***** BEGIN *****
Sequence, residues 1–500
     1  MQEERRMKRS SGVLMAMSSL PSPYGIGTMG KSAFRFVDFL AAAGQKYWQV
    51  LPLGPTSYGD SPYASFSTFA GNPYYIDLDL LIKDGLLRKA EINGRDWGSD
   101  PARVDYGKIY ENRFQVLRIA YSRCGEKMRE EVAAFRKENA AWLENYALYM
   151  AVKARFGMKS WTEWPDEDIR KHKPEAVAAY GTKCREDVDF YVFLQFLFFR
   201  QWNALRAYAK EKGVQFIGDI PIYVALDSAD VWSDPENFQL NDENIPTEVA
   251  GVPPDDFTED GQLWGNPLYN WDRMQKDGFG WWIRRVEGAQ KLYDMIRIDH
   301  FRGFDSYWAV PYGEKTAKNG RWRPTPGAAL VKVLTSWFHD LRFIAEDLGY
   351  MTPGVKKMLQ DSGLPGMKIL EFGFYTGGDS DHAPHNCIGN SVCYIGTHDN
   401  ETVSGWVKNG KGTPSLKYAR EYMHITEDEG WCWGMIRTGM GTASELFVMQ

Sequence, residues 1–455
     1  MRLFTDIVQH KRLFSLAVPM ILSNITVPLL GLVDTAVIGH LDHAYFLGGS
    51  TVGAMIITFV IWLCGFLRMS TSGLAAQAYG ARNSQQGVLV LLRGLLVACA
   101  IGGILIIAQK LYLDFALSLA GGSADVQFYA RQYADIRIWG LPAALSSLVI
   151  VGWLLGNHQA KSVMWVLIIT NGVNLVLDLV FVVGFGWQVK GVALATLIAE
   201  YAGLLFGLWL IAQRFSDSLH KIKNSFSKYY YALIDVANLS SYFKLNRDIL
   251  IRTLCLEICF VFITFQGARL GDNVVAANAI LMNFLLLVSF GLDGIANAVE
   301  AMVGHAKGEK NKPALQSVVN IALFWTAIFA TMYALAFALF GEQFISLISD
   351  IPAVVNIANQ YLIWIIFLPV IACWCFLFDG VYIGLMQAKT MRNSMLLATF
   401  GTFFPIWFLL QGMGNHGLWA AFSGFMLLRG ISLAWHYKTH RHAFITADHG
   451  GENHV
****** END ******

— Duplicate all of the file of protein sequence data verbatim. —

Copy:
Sequence, residues 1–500
     1  MQEERRMKRS SGVLMAMSSL PSPYGIGTMG KSAFRFVDFL AAAGQKYWQV
    51  LPLGPTSYGD SPYASFSTFA GNPYYIDLDL LIKDGLLRKA EINGRDWGSD
   101  PARVDYGKIY ENRFQVLRIA YSRCGEKMRE EVAAFRKENA AWLENYALYM
   151  AVKARFGMKS WTEWPDEDIR KHKPEAVAAY GTKCREDVDF YVFLQFLFFR
   201  QWNALRAYAK EKGVQFIGDI PIYVALDSAD VWSDPENFQL NDENIPTEVA
   251  GVPPDDFTED GQLWGNPLYN WDRMQKDGFG WWIRRVEGAQ KLYDMIRIDH
   301  FRGFDSYWAV PYGEKTAKNG RWRPTPGAAL VKVLTSWFHD LRFIAEDLGY
   351  MTPGVKKMLQ DSGLPGMKIL EFGFYTGGDS DHAPHNCIGN SVCYIGTHDN
   401  ETVSGWVKNG KGTPSLKYAR EYMHITEDEG WCWGMIRTGM GTASELFVMQ

Sequence, residues 1–455
     1  MRLFTDIVQH KRLFSLAVPM ILSNITVPLL GLVDTAVIGH LDHAYFLGGS
    51  TVGAMIITFV IWLCGFLRMS TSGLAAQAYG ARNSQQGVLV LLRGLLVACA
   101  IGGILIIAQK LYLDFALSLA GGSADVQFYA RQYADIRIWG LPAALSSLVI
   151  VGWLLGNHQA KSVMWVLIIT NGVNLVLDLV FVVGFGWQVK GVALATLIAE
   201  YAGLLFGLWL IAQRFSDSLH KIKNSFSKYY YALIDVANLS SYFKLNRDIL
   251  IRTLCLEICF VFITFQGARL GDNVVAANAI LMNFLLLVSF GLDGIANAVE
   301  AMVGHAKGEK NKPALQSVVN IALFWTAIFA TMYALAFALF GEQFISLISD
   351  IPAVVNIANQ YLIWIIFLPV IACWCFLFDG VYIGLMQAKT MRNSMLLATF
   401  GTFFPIWFLL QGMGNHGLWA AFSGFMLLRG ISLAWHYKTH RHAFITADHG
   451  GENHV